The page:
Nov 14, 2012

East Turkestan: Spokesman WUC Granted US Visa

Dolkun Isa from the World Uyghur Congress is finally allowed to enter the United States after more than a decade. Activists call it a “political victory” for the Uyghur community.

Below is an article published by Radio Free Asia:

The spokesman for the exile World Uyghur Congress, Dolkun Isa, who is on top of China's "terrorist" list, has been allowed to enter the United States after being barred twice during the last 13 years.

Overseas Uyghur activists hailed Washington's decision to allow him into the country as a "political victory" for ethnic Uyghurs, who say they are subject to persecution in China's troubled northwestern region of Xinjiang and have faced various travel restrictions abroad by governments on the advice of Beijing, activists said.

Dolkun Isa, who is a German citizen, said his application for a travel visa at the U.S. consulate in Munich was finally approved last week, enabling him to travel for meetings with U.S. government and congressional officials as well as the National Endowment for Democracy (NED), a grant-making organization that works to support freedom around the world.

"It is a victory for U.S. justice, a victory for me personally and, more importantly, for the Uyghur cause," he told RFA [Radio Free Asia] in Washington, after arriving in the U.S. on 9 November [2012]. "But I had never lost my hope of traveling to the United States all these years," he said.

Dolkun Isa said he was placed number three among Uyghurs on the Chinese terrorist list in 2003.

"The Chinese government has for several years been trying to stop all activities of the World Uyghur Congress and they have also attacked me. Sometimes, they have succeeded," he said.

He said that he had not been involved in any terrorism-related or unlawful activities when he was in China.

The Chinese Ministry of Public Security had accused some of those on the terror list of being linked to separatist violence in the Xinjiang region but exile groups believe Beijing is exaggerating the terrorism threat to crack down on Uyghurs in Xinjiang and abroad.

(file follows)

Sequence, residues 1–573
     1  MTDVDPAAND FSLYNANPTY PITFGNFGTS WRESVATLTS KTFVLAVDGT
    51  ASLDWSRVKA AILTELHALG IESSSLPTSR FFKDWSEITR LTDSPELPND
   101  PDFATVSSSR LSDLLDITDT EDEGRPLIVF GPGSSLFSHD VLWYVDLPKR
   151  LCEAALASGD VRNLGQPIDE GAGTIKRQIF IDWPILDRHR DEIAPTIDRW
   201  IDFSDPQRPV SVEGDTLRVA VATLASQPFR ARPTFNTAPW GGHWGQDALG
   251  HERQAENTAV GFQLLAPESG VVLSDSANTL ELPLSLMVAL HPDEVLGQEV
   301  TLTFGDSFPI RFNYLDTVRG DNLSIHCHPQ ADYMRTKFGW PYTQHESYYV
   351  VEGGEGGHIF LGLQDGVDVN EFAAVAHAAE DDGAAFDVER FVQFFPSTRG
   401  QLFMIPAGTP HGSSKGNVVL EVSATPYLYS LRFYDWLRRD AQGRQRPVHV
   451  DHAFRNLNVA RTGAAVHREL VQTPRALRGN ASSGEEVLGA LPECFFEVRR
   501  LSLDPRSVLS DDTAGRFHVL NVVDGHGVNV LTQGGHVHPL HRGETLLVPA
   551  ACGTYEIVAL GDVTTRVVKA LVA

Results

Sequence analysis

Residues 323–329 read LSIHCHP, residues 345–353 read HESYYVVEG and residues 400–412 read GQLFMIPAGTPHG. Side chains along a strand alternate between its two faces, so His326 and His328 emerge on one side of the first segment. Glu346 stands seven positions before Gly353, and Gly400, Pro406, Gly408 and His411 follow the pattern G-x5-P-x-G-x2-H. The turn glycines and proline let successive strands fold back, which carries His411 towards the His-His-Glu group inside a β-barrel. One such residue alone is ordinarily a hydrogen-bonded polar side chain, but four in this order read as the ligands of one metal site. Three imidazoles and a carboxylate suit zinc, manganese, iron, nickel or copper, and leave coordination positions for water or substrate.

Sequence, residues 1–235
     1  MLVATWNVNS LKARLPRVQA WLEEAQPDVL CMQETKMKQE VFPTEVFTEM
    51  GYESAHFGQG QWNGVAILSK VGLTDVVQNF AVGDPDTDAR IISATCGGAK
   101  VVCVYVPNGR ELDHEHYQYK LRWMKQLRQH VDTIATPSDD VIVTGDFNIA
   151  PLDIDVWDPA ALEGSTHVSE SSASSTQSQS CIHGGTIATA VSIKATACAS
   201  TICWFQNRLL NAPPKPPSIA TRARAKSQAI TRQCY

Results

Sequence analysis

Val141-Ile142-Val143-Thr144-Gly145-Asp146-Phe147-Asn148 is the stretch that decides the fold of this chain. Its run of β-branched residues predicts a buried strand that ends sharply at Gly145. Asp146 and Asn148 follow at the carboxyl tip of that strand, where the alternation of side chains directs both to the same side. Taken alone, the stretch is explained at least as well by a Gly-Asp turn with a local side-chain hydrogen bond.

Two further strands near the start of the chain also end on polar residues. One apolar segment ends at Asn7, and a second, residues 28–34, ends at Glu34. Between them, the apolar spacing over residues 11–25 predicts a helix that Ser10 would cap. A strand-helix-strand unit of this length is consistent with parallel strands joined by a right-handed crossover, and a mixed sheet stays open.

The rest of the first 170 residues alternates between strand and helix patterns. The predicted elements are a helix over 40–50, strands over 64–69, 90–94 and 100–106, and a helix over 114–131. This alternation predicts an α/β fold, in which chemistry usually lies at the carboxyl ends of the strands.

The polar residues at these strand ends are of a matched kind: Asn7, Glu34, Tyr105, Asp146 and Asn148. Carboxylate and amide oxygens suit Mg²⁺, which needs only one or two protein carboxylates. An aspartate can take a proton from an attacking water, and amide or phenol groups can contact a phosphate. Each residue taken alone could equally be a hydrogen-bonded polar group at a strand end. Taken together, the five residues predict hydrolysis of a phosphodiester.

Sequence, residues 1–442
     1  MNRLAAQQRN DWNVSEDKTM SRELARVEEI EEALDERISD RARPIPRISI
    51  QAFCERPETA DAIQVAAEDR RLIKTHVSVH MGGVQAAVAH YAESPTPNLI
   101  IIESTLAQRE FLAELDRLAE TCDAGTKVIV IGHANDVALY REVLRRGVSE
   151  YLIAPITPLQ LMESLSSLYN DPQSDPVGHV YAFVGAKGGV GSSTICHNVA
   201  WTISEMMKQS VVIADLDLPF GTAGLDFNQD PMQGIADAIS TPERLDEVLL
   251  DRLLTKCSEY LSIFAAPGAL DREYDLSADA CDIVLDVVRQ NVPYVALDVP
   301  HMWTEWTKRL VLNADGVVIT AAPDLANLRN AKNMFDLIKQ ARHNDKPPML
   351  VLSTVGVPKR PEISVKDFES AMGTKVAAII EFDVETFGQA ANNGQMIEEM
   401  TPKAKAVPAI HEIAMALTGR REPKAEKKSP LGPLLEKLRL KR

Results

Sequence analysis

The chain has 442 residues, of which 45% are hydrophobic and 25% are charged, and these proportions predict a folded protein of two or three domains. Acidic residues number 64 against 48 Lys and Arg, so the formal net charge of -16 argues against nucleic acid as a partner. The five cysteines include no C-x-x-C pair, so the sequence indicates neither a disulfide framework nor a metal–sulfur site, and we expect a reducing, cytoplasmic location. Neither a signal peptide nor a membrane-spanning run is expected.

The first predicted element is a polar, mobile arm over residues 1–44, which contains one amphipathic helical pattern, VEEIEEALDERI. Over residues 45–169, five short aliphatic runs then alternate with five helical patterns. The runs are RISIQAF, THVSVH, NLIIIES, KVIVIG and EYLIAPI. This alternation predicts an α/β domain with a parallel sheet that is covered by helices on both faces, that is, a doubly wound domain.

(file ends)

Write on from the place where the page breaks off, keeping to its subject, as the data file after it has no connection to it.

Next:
Dolkun Isa said that he first attempted to apply for a U.S. visa in 1999 to attend a U.S. congressional meeting while he was a refugee in Germany.

"I went to the U.S. consulate in Frankfurt to get a visa. But I was taken from the U.S. consulate to the German police office," he said, adding that he suspected that his name was on the Interpol list.

In 2006, after he obtained German citizenship, he flew to the United States without applying for a visa, based on the understanding that Germans are covered by a U.S. visa-waiver program.

"At the Dulles airport in Washington, I was stopped and after 23 hours, and the immigration authorities sent me back to Germany. They did not say exactly the reason for not letting me enter the country but my impression was I have been put on a blacklist of the State Department," he said.

Now that the U.S. has decided to allow him into the country, he hoped that other countries that had denied him entry, such as Turkey and South Korea, would also allow him to travel there to meet with exile Uyghur communities.

When asked to comment on Dolkun Isa's case, U.S. officials said they cannot speak on specific visa cases because those records are confidential but stressed that the State Department does not have any "blacklist" for travelers.

There are various conditions, including security-related conditions, imposed on citizens of countries covered under the visa-waiver program and wishing to travel to the United States, the officials said.

In addition, a visa only authorizes a traveler to approach the port of entry into the United States.

"The Department of Homeland Security has the final say on who can be admitted to the United States," a State Department official said.

Still, Nury Turkel, a Uyghur American attorney based in Washington, described Dolkan Isa's visit to the United States as a "political victory" for all Uyghurs, saying the Chinese government was trying to curtail the Uyghur freedom movement domestically and internationally.